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New PPP school procurement announced

Hon Hekia Parata

Minister of Education

Hon Nikki Kaye

Associate Minister
of Education

4 March 2014 Media Statement
New PPP school procurement announced

Education Minister Hekia Parata and Associate Education Minister Nikki Kaye today announced that building and maintaining four new schools around New Zealand could be delivered using a public private partnership (PPP).

An invitation for Expressions of Interest will be issued for the design, construction, financing, and maintenance of Aranui Community School and Rolleston Secondary School in greater Christchurch, Wakatipu Secondary School’s new site in Queenstown and a new school in Auckland yet to be confirmed.

“If the expression of interest is successful and the PPP goes ahead the Ministry of Education estimates the cost of construction and maintenance for the project will be more than $200 million,” Ms Parata says.

“The Ministry advises that the use of a PPP for this bundle of four schools could deliver savings of two to eight per cent over traditional procurement by the Ministry.

“A big benefit of a PPP is that professional facilities managers take care of school property freeing up school staff time for teaching and learning.

“The four new schools in this project are being developed either as part of the Greater Christchurch Education Renewal Programme (GCERP) or to meet population growth in Auckland and Queenstown. These schools will be built whether we use a PPP or not, but together they make a viable PPP project that promises to deliver real benefits for students and teachers.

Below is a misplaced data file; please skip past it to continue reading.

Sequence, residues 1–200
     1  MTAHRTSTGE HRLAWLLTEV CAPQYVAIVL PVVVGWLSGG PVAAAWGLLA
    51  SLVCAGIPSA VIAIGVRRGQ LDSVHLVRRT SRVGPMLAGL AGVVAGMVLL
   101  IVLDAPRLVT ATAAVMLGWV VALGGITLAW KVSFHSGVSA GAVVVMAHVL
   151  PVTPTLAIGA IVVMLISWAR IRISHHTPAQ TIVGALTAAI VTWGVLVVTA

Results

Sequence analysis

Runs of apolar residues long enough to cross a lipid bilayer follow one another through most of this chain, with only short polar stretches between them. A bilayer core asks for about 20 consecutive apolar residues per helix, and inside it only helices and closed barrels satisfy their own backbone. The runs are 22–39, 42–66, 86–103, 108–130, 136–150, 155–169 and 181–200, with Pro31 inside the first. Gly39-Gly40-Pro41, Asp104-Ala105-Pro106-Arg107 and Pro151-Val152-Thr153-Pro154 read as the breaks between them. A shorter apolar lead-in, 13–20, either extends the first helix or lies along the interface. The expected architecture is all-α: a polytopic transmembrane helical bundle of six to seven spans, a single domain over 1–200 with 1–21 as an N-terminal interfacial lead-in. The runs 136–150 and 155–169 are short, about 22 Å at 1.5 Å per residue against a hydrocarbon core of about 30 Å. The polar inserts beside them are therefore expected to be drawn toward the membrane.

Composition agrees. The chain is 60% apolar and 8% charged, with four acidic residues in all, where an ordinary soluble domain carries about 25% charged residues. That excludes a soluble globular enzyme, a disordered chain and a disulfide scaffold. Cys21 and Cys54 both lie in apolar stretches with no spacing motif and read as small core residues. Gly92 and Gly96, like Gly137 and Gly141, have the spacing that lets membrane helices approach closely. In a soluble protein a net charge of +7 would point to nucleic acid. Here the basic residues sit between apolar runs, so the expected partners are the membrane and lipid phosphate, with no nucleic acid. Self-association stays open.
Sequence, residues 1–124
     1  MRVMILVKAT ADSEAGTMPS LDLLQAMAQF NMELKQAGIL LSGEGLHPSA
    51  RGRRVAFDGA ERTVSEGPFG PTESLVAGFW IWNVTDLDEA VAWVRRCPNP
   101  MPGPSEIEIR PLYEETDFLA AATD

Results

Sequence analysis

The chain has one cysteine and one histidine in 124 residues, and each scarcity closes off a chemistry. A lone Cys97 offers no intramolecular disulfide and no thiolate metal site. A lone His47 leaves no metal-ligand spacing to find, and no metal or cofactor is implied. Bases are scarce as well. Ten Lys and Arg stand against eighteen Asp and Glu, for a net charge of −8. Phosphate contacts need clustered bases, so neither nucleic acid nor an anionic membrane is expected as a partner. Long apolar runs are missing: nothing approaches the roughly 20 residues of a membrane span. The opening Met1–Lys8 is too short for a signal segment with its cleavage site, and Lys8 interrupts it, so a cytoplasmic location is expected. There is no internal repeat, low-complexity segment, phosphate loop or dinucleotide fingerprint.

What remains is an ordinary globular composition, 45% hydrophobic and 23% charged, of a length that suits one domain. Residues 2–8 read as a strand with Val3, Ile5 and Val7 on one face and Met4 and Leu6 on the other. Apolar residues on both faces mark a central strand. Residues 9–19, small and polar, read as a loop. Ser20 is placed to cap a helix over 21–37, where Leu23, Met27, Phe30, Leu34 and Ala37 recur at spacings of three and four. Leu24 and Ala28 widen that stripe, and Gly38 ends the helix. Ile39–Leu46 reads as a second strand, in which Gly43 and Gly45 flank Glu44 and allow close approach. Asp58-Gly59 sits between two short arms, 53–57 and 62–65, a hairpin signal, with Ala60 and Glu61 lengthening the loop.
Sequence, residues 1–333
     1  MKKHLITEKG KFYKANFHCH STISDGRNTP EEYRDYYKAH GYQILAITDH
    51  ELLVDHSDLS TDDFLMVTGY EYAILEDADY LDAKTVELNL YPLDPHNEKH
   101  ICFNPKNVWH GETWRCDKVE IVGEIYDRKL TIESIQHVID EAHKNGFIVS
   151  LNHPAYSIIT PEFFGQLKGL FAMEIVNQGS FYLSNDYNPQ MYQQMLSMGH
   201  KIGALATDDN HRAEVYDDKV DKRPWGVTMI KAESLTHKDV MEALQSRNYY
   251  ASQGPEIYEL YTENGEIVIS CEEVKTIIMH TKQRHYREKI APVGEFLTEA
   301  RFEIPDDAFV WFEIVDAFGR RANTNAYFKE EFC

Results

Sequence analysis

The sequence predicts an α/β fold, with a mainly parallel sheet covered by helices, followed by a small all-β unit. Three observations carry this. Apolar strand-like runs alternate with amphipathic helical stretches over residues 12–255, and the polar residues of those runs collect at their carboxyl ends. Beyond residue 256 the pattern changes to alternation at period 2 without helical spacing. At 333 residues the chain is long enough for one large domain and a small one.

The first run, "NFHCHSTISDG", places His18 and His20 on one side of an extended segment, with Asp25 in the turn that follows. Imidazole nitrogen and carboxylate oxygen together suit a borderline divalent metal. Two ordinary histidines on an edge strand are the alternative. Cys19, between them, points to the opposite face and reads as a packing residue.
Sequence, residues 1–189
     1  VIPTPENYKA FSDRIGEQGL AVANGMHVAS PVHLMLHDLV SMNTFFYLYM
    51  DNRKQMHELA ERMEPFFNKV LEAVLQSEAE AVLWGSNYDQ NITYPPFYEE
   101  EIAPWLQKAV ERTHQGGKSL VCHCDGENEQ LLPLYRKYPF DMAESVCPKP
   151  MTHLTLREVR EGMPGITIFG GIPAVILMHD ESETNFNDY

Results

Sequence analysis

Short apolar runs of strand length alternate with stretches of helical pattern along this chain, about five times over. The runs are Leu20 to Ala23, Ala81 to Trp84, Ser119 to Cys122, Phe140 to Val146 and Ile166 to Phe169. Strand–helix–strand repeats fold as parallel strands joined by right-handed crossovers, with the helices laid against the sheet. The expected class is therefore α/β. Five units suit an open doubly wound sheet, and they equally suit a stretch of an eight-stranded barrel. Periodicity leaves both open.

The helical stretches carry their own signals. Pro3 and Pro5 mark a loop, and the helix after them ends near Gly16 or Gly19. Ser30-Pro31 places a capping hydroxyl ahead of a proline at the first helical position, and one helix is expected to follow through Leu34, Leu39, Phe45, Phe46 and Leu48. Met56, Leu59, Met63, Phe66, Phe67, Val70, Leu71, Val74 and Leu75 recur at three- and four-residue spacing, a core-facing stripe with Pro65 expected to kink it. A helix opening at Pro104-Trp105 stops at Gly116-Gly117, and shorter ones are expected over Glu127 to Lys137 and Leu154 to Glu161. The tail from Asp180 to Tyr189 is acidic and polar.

“This Government is committed to investing in education and making sure schools have high-quality infrastructure to get the best learning outcomes. The use of PPPs for new school projects is a key part of our plan to achieve this,” Ms Parata says.

The green light from Cabinet for this project follows the Ministry of Education’s first PPP contract signed in April 2012 with Learning Infrastructure Partners for the development, financing, construction and maintenance of Hobsonville Point primary and secondary schools.

“This Government has made it clear we are open to greater use of private sector expertise where it makes sense. This second school property PPP demonstrates the benefits of this model of procurement," Ms Kaye says.

“These schools will be built via the traditional Ministry of Education procurement if the expressions of interest don’t result in the best value being delivered.

“Over the past 12 months the Ministry has conducted a comprehensive market sounding exercise. Feedback from market sounding participants also shaped the Ministry’s thinking about which schools should be included in the project,” Ms Kaye says.

The Cabinet paper is available on the Ministry’s website:www.minedu.govt.nz/pppschools

Questions and Answers

How does a school property public private partnership (PPP) work?

The provision of education remains the responsibility of the principal and board of trustees.

A private partner is responsible for designing, building, financing and maintaining the school property for the term of the contract (25 years from the opening of the final school). The Ministry of Education pays the private partner quarterly, with this payment reduced if the school facilities do not meet the standards specified in the contract. This effectively provides a 25-year guarantee on the buildings.

The Government retains ownership of the land and buildings throughout the life of the contract.

What schools are included in this PPP?

School Proposed Opening Dates Estimated Final Roll
Aranui Community School (Christchurch) Jan 2017 1,300
Rolleston Secondary (Canterbury) Jan 2017 1,500
Wakatipu Secondary School (Queenstown) Jan 2018 1,200
New school (Auckland) To be confirmed To be confirmed